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Chancroid Factsheet

What is chancroid?

Chancroid is a highly contagious yet curable sexually transmitted disease (STD) caused by the bacteria Haemophilus Ducreyi [hum-AH-fill-us DOO-cray]. Chancroid causes ulcers, usually of the genitals. Swollen, painful lymph glands,or inguinal buboes [in-GWEEN-al BEW-boes], in the groin area are often associated with chancroid. Left untreated, chancroid may facilitate the transmission of HIV.

How common is it?

Chancroid is very common in Africa and is becoming more common in the United States. Chancroid is transmitted in two ways:

  • sexual transmission through skin-to-skin contact with open sore(s).
  • non-sexual transmission by means of autoinoculation when contact is made with the pus-like fluid from the ulcer.

A person is considered to be infectious when ulcers are present. There has been no reported disease in infants born to women with active chancroid at time of delivery.

Signs or Symptoms
  • Symptoms usually occur within 10 days from exposure. They rarely develop earlier than three days or later than 10 days.
  • The ulcer begins as a tender, elevated bump, or papule, that becomes a pus-filled, open sore with eroded or ragged edges.
  • It is soft to the touch (unlike a syphilis chancre that is hard or rubbery). The term soft chancre is frequently used to describe the chancroid sore.
  • The ulcers can be very painful in men but women are often unaware of them.
  • Because chancroid is often asymptomatic in women, they are often unaware of the lesion(s).
  • Painful lymph glands may occur in the groin, usually only on one side; however, they can occur on both sides.

Diagnosis is made by isolating the bacteria Hemophilus Ducreyi (hum-AH-fill-us DOO-cray) in a culture from a genital ulcer. The chancre is often confused with syphilis, herpes, or lymphogranuloma venereum; therefore, it is important that your health care provider rule these diseases out. A gram stain to identify H. Ducreyi is possible but can be misleading because of other organisms found in most genital ulcers.


Chancroid can be treated with antibiotics. Successful treatment cures infection, resolves symptoms and prevents transmission.

Treatment regimens may include the following:

  • Azithromycin
  • Ceftriaxone
  • Ciprofloxacin (not recommended for pregnant or nursing females, or people younger than 18 years.)
  • Erythromycin base

A follow-up examination should be conducted three to seven days after treatment begins. If treatment is successful, ulcers usually improve within three to seven days. The time required for complete healing is related to the size of the ulcer. Large ulcers may require two weeks or longer to heal. In severe cases, scarring may result. Partners should be examined and treated regardless of whether symptoms are present.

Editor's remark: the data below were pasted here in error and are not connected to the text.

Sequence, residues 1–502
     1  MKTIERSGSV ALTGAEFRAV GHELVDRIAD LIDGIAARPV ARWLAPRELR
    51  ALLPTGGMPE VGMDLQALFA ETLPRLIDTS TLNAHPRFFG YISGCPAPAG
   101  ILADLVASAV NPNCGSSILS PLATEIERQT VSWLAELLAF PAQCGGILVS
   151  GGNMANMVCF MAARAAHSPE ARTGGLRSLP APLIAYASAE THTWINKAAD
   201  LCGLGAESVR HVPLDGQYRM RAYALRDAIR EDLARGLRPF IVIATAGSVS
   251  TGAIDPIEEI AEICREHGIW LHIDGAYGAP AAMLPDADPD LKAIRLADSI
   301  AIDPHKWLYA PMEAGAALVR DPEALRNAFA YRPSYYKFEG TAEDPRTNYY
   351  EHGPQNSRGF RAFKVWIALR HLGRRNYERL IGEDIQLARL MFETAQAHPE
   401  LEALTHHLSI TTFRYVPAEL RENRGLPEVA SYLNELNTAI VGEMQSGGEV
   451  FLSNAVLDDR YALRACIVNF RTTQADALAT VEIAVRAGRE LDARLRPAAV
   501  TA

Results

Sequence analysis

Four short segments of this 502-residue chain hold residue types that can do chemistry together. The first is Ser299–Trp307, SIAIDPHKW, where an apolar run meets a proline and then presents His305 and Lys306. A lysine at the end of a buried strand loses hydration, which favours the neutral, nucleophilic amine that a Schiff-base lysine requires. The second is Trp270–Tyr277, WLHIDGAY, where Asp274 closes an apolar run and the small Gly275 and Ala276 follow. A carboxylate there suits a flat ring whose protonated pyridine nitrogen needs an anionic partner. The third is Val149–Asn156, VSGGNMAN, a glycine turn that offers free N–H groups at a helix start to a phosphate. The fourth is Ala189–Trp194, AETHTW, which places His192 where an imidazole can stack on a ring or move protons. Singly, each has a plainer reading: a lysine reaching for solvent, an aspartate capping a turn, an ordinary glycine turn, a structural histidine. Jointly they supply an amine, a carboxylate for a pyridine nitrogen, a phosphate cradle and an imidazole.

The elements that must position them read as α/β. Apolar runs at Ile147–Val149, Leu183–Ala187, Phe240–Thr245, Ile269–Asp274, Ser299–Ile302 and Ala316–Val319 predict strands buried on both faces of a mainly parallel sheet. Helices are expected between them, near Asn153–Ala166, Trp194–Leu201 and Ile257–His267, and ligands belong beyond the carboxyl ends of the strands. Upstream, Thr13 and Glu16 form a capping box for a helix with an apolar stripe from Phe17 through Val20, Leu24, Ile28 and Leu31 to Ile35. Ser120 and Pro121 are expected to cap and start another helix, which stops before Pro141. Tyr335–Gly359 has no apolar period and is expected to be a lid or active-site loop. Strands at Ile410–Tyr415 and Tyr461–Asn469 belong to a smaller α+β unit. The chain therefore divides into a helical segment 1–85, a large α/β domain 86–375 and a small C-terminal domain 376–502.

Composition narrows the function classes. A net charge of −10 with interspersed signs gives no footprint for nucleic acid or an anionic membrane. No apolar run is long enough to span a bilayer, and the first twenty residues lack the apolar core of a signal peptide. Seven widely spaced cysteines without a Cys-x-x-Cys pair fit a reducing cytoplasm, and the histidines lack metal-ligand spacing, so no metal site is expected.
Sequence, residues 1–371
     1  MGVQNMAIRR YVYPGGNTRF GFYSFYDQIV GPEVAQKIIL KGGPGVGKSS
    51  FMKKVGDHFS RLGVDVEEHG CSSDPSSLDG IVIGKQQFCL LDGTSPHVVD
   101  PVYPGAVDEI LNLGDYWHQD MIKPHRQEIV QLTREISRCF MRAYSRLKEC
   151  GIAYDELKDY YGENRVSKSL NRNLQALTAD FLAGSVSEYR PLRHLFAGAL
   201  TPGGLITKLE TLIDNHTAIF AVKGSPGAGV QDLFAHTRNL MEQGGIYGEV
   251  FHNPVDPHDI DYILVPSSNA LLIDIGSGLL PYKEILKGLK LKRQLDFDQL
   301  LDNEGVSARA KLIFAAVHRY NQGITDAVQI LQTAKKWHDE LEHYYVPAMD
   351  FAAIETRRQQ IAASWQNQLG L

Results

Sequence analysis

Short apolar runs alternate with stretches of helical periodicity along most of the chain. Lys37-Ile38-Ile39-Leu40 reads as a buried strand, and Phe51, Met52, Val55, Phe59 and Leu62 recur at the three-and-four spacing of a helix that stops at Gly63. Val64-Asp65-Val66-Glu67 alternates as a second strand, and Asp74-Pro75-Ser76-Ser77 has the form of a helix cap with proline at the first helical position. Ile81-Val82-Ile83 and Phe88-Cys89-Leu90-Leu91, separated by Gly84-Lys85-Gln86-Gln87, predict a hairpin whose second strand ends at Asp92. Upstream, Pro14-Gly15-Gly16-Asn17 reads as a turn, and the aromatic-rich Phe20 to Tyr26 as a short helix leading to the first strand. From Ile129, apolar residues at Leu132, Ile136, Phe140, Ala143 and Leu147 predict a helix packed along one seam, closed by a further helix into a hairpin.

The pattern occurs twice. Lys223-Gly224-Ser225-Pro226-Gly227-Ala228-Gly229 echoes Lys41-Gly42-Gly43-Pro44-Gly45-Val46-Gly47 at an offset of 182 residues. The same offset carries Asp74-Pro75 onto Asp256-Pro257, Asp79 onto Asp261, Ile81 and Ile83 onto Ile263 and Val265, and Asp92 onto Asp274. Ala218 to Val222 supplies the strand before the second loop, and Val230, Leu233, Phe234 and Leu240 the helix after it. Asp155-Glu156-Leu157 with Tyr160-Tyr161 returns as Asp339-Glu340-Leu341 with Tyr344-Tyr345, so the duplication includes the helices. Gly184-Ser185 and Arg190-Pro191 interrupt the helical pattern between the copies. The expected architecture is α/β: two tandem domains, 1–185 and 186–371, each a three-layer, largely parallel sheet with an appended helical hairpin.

• Abstinence (not having sex)
  • Mutual monogamy (having sex with only one uninfected partner)
  • Water-based spermicides can be used along with latex condoms for additional protection during vaginal intercourse. Use of spermicide is not recommended nor found to be effective for oral or anal intercourse.
  • Latex condoms for vaginal, oral and anal sex. Using latex condoms may protect the penis or vagina from infection, but does not protect other areas such as the scrotum or anal area.

If you do get chancroid, avoid contact with the infected area to prevent chance of autoinoculation. Why worry?
Chancroid had been well established as a cofactor for HIV transmission. Moreover, persons with HIV may experience slower healing of chancroid, even with treatment, and may need to take medications for a longer period of time.

Complications from chancroid include:
  • In 50 percent of cases, the lymph node glands in the groin become infected within five to eight days of appearance of initial sores.
  • Glands on one side become enlarged, hard, painful and fuse together to form a bubo (BEW-bo), an inflammation and swelling of one or more lymph nodes with overlying red skin. Surgical drainage of the bubo may be necessary to relieve pain.
  • Ruptured buboes are susceptible to secondary bacterial infections.
  • In uncircumcised males, new scar tissue may result in phimosis (constriction so the foreskin cannot be retracted over the glans). Circumcision may be required to correct this.
Partner Communication

You should talk to your partner as soon as you learn you have chancroid. Telling a partner can be hard, but it's important that you talk to your partner as soon as possible so she or he can get treatment.

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